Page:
1. I agree with you about ideology - also reappropriating language. Theresa May is so concerned with freedom she's going to get rid of the Human Right's Act. But most politicians do things to get into, then stay in power. Not necessarily to help people. We do that much better from the ground.

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  2. Even some of the macroeconomists aren't keen...

    http://mainlymacro.blogspot.co.uk/2013/02/the-final-verdict-on-george-osborne-as_23.html

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    1. Thanks for that. Yes, funny how Moody's rating doesn't seem to matter so much when it actually does drop.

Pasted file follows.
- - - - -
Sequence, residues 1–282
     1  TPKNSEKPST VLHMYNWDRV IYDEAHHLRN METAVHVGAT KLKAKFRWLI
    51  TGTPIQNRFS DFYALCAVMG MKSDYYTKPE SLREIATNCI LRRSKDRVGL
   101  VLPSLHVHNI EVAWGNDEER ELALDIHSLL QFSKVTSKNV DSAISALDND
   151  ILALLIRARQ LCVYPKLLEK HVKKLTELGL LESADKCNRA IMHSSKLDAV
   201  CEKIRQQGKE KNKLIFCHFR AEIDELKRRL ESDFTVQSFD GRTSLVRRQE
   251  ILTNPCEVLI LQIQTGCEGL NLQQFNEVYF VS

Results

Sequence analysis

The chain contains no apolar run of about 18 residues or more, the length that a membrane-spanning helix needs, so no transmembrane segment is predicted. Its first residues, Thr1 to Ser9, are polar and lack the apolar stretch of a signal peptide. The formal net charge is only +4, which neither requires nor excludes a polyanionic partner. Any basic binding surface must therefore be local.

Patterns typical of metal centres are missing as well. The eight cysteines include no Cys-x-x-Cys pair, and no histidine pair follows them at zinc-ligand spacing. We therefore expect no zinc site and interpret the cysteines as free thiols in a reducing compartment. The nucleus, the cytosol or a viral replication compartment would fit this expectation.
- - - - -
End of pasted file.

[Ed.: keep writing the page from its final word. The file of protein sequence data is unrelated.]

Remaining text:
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  3. Part of the problem, yes. . The other part IMO is that politicians have become a separate and detached class of "professional" arguers and bullshitters. Lawyers, PR men, former "entrepreurs" - chancers who got lucky with no idea of reality such as Huhne. so detached from reality and ignorant of mathematics , technology and how most people live that they are effectively the captives of their advisors (Machievelli again). AS a result they have become no more than an elected PR veneer on the establishment, who actually write the laws to simply hijacks every ignorant ideology for an easy profit for their group, voted through by the lobby fodder du jour who don't understand it but are happy to recite whatever bullshit ideology they are given from Central offfice for their supper. That's one big reason the rich are getting richer and the poor poorer.

    This isn't a democracy, because we no longer elect the people who in fact control our lives.